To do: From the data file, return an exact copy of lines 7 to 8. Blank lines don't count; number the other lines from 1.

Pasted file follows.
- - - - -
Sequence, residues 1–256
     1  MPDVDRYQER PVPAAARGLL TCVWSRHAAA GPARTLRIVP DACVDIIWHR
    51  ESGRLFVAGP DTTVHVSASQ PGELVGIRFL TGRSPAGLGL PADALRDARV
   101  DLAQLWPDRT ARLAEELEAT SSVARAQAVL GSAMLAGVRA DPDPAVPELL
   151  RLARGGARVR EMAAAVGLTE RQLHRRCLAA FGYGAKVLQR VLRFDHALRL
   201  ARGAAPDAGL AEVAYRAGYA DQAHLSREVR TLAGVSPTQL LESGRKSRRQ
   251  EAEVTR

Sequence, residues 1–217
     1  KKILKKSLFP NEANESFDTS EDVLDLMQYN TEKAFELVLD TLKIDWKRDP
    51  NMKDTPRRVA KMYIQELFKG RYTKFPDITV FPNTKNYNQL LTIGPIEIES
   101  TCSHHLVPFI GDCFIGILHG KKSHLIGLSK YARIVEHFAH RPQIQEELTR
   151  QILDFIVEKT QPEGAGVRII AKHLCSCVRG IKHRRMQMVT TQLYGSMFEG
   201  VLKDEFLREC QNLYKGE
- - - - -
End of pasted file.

   251  EAEVTR

Sequence, residues 1–217